A pro-life love must be all encompassing
It must mourn for the pain of all God’s children
Whether it be the tiny infant that stirs in a woman’s belly
or a black life trapped in the belly of our prisons
Neither feels that they matter
Both are defenseless, voiceless
Do they both matter? Are both their lives sacred?
If either is, they both must be.
We cannot march for the life of the unborn
and not march for the life of the undocumented
Neither have legal rights or certificates on paper
Both but are sacred in the eyes of God
If we fight and pray to defend the life of an unborn child,
can we then turn our backs when that child is grown and poor or needy?
If we care enough for our love to rattle us to our bones In fury,
should we not care for that life at all stages, in all phases, in all colors and nationalities and creeds?
Is that life any different when it is a drift on amniotic fluid
or along the waves of death from the capsized boats of refugees
Don’t they both hunger and call out for hope and compassion?
How could we care for one and turn our backs on another?
Do the unborn’s rights and dignity disappear if they are disabled, gay, or Muslim?
Life and rights do not end at birth, they remain on both sides of the border
Both in the womb and outside, the defenseless call for our protection
They depend upon our compassionate action
We cannot honor the sanctity of life of one and ignore the needs of the other
whether they come in the form of a babe or as the poor, the refugee, the oppressed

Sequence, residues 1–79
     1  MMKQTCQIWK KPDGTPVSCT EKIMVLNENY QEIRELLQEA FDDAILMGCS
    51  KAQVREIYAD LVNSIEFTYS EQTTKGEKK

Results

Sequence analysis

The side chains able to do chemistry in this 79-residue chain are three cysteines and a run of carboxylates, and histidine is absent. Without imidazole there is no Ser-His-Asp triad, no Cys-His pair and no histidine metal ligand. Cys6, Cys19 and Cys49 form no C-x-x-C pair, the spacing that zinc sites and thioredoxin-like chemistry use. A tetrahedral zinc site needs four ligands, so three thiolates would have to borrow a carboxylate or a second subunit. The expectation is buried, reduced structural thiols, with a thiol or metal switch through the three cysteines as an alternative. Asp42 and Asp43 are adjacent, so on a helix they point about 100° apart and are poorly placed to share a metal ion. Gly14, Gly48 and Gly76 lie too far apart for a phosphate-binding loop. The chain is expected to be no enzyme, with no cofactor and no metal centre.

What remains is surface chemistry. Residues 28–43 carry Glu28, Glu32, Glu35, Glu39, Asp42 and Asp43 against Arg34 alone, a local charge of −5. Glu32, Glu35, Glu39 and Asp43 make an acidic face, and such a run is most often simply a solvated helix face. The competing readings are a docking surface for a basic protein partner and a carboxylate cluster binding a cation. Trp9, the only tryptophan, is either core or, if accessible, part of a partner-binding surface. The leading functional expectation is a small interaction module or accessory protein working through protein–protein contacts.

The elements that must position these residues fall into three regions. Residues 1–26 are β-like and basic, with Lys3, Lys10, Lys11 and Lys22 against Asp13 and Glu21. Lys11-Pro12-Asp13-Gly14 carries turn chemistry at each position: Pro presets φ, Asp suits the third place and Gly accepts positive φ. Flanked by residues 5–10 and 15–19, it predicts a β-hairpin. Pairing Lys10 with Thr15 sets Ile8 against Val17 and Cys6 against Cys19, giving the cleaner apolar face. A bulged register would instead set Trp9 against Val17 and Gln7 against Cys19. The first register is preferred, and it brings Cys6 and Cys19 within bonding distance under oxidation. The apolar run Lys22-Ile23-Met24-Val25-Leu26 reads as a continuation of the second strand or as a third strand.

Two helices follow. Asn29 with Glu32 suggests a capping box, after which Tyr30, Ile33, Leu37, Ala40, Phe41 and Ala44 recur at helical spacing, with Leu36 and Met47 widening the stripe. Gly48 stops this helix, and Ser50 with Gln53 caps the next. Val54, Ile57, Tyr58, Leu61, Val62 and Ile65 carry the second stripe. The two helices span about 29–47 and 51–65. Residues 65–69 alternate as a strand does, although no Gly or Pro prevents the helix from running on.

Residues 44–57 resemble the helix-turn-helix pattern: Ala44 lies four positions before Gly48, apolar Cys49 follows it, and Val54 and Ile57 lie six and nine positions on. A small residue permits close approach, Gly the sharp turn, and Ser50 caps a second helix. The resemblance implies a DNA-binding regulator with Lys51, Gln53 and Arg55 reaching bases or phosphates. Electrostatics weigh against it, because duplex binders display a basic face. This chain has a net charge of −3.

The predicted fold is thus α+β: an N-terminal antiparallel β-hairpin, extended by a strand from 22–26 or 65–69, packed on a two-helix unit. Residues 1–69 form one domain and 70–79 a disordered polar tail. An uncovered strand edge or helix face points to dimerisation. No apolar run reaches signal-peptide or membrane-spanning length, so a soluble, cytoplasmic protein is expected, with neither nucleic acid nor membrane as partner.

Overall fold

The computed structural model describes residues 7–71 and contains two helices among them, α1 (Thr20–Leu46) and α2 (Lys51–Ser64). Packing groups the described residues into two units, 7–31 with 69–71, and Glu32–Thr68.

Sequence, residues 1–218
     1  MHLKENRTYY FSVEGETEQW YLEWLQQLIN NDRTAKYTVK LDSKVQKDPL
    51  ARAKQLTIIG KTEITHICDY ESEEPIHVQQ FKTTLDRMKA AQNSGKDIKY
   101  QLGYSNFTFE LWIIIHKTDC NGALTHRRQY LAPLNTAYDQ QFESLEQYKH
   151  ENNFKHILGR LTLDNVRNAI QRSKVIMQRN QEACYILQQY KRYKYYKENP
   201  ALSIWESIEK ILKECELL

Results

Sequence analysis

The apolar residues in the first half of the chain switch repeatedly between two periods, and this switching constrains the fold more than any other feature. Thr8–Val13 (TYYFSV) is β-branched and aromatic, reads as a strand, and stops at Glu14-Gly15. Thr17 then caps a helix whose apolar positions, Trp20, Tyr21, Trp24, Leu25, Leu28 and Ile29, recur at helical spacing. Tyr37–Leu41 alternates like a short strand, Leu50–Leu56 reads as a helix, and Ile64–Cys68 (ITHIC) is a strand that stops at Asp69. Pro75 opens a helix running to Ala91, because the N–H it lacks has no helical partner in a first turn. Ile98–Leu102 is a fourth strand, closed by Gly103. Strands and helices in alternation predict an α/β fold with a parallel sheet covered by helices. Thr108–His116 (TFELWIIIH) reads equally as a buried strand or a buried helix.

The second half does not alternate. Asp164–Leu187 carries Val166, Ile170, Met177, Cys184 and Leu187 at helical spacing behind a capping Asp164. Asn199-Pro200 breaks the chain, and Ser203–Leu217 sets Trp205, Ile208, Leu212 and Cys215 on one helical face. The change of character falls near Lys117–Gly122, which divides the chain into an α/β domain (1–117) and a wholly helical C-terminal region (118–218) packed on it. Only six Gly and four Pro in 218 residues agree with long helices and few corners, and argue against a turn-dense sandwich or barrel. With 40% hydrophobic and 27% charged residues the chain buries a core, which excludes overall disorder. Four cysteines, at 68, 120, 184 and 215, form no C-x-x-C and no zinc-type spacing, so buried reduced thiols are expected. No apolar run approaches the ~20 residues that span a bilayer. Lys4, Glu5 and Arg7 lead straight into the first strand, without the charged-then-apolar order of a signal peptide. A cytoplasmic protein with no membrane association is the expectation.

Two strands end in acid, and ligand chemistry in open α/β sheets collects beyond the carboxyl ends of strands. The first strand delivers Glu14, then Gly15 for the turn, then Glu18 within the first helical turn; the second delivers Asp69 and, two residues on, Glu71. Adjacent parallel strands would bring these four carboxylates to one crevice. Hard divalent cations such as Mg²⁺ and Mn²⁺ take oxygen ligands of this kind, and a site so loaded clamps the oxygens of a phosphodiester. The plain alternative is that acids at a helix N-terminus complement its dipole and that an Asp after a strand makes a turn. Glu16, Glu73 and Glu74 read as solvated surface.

We cannot claim the rights and dignity of some
And deny those of others
For the womb of God holds them all as precious children
We are all called to respect life even if it costs us,
even if it’s inconvenient, even if it’s not our choice, or it’s not fair,
we are called to love.
To love all, to love always.
I cannot claim that we must respect life, if I am not willing to foot the bill
Respecting life calls for courage, sacrifice, and generosity
We cannot march with judgement or closed fists or hearts or wallets
Life costs us. We must be willing to pay the cost.
Talk is cheap, but action speaks louder.
It’s easy to point a finger, it takes compassion to lend a hand.
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Christi Ortiz is a licensed marriage and family therapist by profession and a poet by passion. She enjoys trying to put to words to that which is wordless and give voice to the dynamic and wild spiritual journey called life. She lives in Spokane with her husband and two children, Emmanuel and Grace. She loves the outdoors and meditating in the early mornings which gives rise to her poetry.